Some are content to work a job and then go home and try to forget all about it. This is not the case for Marc Sparks. Sparks has been an entrepreneur for his entire life, starting young building startups from the ground up. He’s had a number of trials and tribulations along the way, watching efforts fail and struggle, as well as succeed, leading to millions of dollars in profits. His newest effort, Spark Tank, continues his trend of success in a big way.
Spark Tank encourages entrepreneurs of all ages and backgrounds to innovate new ways of helping others through business. The basic idea is simple, $5,000. What would you do with $5,000 that could change lives. Applicants are whittled down to a top three, who then make their final ten minute presentations in person. All applicants must be a 501c3 organization with at least a two year history. The contest excludes political committees, faith based initiatives (except those for nonreligious based services) and national charities.
Marc Sparks released a book about his long road to success titled They Can’t Eat You. In it, he documents his tenacity and his ambition through the highs and lows of his lengthy career. Starting in telecommunications, Marc built up his career entrepreneur style, eventually turning to his present day venture capitalist status.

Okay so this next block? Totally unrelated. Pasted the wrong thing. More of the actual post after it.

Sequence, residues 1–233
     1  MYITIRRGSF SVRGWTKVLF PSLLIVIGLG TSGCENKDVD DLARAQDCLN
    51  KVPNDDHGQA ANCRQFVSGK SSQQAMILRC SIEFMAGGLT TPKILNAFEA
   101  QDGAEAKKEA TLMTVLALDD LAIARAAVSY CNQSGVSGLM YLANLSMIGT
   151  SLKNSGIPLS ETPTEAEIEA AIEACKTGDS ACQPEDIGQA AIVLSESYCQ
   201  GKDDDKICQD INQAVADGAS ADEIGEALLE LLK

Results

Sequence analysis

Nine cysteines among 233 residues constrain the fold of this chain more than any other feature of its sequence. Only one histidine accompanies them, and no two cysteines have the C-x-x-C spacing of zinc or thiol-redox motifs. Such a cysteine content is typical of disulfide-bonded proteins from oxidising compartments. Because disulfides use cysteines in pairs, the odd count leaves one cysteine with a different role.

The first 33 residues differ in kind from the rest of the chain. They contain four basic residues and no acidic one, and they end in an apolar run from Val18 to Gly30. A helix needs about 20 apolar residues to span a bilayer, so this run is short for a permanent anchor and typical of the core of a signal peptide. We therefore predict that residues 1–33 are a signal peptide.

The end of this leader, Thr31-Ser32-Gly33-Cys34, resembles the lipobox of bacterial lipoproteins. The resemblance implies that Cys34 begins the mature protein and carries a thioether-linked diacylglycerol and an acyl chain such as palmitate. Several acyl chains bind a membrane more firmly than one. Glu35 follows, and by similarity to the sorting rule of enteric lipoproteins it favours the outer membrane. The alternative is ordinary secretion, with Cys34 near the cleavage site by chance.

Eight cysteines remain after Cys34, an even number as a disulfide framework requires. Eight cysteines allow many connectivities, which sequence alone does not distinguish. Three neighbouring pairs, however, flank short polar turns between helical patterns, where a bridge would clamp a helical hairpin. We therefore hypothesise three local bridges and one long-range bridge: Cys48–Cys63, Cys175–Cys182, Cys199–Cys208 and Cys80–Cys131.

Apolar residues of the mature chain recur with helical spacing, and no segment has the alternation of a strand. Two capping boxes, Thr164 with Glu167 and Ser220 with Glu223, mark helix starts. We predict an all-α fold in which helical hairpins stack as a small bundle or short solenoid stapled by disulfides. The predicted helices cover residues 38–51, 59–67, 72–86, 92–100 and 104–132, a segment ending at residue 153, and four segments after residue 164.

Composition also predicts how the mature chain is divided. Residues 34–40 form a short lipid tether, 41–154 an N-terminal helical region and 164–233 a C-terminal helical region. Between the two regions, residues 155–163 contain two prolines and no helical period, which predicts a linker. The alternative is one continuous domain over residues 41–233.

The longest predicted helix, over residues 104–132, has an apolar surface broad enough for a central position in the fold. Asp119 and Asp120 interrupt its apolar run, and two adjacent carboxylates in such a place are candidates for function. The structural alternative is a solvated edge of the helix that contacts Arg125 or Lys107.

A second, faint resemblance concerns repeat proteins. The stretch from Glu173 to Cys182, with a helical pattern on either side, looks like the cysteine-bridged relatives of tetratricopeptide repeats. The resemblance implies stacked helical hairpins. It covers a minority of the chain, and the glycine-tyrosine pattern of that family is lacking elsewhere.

This venture capitalism has led Marc to the philanthropy that informs Spark Tank. His real passion project was the Samaritan Inn, a homeless shelter in his home town of Dallas Texas. He started this hugely successful “hand up not hand out” organization in the 1980s, and it currently houses an average of 160 residents at a time. Learn more about Marc Sparks: http://www.amazon.com/They-Cant-Eat-Marc-Sparks/dp/0990495000 and http://www.lulu.com/spotlight/marcsparks
It includes such facilities as family counseling, financial education, and job services. Other charitable ventures have included Habitat for Humanity and the Sparky’s Kids Foundation, which donates computers to schools in need. Read more: @msparks5010
Marc’s experience in both business and philanthropy can’t guarantee success, but it can give it a great boost. Spark Tank, at the very least, should result in some great ideas that have the potential to change the world.